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Thrillsbe

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Thrillsbe last won the day on August 6

Thrillsbe had the most liked content!

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About Thrillsbe

  • Rank
    Don Silsbe
  • Birthday 12/01/1948

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  • Gender
    Male
  • Location
    Tryon, NC
  • Interests
    Boatbuilding, Sailing, Fishing, Rowing, Weaving, Camping, Travel, Fly Tying, Woodworking, Gardening, and Lutheran Theology. (Thank goodness I'm retired!)

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  1. I thought the ring was my original idea! LOL. I wanted to play with it first, though, before mentioning it. That’ll wait until later next month, because I’m off on other adventures at the moment. But my thought was not to use shock cord or any sort of elastic in the system. I was hoping that the weight of the ring and locating the other end of the ring tether would provide a good solution. Let’s compare notes at the Messabout!
  2. Some of you are aware of how I love to sail in the prone position. Two Bits has presented me with a new angle— diagonally! This is a fun little dink. I hope you take her for a sail at this fall’s Messabout.
  3. Congratulations, Pete! Happy sailing!
  4. Good to hear! An out-of-position rudder is all it takes. One of the things I love about these boats is the options you have for sail trim. When I’ve got heavy weather helm, I know that something’s wrong. Keep racing!
  5. I have the same problem, and I’ll bet it is widespread. One solution is to add a boomkin like Graham did on Carlita. I’m not quite to that point. I’ve been sailing with my mizzen blocks on 8” tethers, as shown in the photo (please zoom in). It is not enough— the mizzen sheet still gets fouled on the ‘Zuki. The next step would be to move the sheet attachment off the clew of the sail, and forward 10-12” on the sprit. I don’t want to do this, because it loads the tip of the sprit in a way it wasn’t designed to be loaded. I would expect to have the tip shear off in a blow. That would not be fun. I’m not sure where to head with the problem next. But I wanted you to know that you’re not alone. Maybe as a troubleshooting team we can figure something out.
  6. I agree with Joe. It should not have failed. Besides the punk wood theory, may I ask why you had such a heavy helm? Sail and centerboard trim should reduce the stresses on the tiller in the future. (Please forgive me for asking.)
  7. Congrats on the anniversary. Yeah, you gotta keep Momma happy.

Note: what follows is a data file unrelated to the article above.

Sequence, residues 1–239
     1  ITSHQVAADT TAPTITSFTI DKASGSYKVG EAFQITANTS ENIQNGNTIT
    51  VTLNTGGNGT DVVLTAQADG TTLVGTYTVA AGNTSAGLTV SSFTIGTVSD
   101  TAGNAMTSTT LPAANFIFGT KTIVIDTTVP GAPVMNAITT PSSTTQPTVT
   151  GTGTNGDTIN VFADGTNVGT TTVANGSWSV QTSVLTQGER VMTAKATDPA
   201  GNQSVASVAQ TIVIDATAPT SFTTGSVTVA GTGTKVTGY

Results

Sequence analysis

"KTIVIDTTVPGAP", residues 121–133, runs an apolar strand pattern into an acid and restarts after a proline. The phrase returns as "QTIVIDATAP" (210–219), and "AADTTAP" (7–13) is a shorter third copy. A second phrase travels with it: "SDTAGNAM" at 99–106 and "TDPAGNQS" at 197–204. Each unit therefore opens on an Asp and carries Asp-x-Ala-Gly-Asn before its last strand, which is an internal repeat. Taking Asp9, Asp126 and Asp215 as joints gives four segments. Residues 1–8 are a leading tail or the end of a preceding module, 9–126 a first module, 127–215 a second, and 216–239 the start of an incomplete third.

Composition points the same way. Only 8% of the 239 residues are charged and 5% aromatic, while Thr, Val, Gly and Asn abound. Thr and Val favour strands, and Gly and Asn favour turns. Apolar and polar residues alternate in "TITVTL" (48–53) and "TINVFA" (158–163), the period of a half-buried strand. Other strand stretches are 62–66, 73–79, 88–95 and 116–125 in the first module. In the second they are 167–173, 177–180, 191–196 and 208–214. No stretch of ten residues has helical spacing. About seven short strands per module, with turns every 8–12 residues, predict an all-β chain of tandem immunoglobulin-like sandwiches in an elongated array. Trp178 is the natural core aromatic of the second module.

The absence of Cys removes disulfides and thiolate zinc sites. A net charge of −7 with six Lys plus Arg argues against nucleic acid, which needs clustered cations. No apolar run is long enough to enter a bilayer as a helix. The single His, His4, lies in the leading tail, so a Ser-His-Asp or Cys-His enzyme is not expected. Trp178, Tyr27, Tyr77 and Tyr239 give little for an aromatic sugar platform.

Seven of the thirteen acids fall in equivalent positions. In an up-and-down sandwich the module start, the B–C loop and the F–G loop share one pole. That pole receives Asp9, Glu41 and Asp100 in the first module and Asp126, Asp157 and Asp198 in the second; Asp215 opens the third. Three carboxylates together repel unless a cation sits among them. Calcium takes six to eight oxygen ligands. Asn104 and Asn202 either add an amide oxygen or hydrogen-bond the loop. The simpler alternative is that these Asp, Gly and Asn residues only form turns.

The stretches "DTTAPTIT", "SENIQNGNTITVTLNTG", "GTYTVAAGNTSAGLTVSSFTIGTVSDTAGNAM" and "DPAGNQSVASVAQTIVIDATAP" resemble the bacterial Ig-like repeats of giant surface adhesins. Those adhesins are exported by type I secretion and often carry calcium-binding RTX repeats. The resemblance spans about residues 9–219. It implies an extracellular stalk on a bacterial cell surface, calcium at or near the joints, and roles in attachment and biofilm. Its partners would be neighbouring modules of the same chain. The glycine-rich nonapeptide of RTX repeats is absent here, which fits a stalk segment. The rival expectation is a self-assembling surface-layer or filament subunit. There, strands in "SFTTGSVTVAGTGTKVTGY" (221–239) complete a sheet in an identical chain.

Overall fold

8. Yes, Paul, it is incredible how easy the parts drop together. Also, I got her out under sail power today. It as pretty calm after a thundercloud went through. Then it piped up. Holy Cow! I need to improve my snotter system, but golly Moses was I honking! I think it was because I relocated the pennant. Again, my video upload failed. Oh well...
  9. I launched Two Bits today, and it was great. I got to row her, and motor her. The winds were gusting over 20, so I chickened out on the sailing bit. The Quick Connect hardware worked great. I can’t wait to sail her, but that will probably have to wait a day or two. This forum doesn’t like the taste of my videos. You’ll find them on Facebook today, and eventually on YouTube. But here are some photos.
  10. Actually, Paul, it’s more of a fishing seat than a rowing seat. But I did bring my favorite set of oars. Hope to launch her on Friday.
  11. She’s loaded up, and ready for our trip to Michigan.
  12. We have a house guest from Japan right now. It’s keeping me from launching. We will leave for Cadillac, MI on Wednesday. She’ll probably get launched first on that camping trip. That would be most appropriate, anyway. That’s her main purpose in life. Here’s a funny story for y’all. My friend Shohei Toyoda comes from Japan every July for a week. We make it a point to go for a sail in my BRS15 every year. July in the Carolina foothills, this usually means light and variable winds. When we get becalmed, as we did yesterday, I hand my crew the paddle. So, yesterday, my boat was not powered by a Suzuki, but by a Toyoda.
  13. By the way, my BRS15 rows like a dream.
  14. The rig is off another boat I made. What do you think— should I cut a few inches off the bottom of the mast? It makes sense, but I’m reluctant to— these spars are made of Sitka Spruce, and are as light as a feather.
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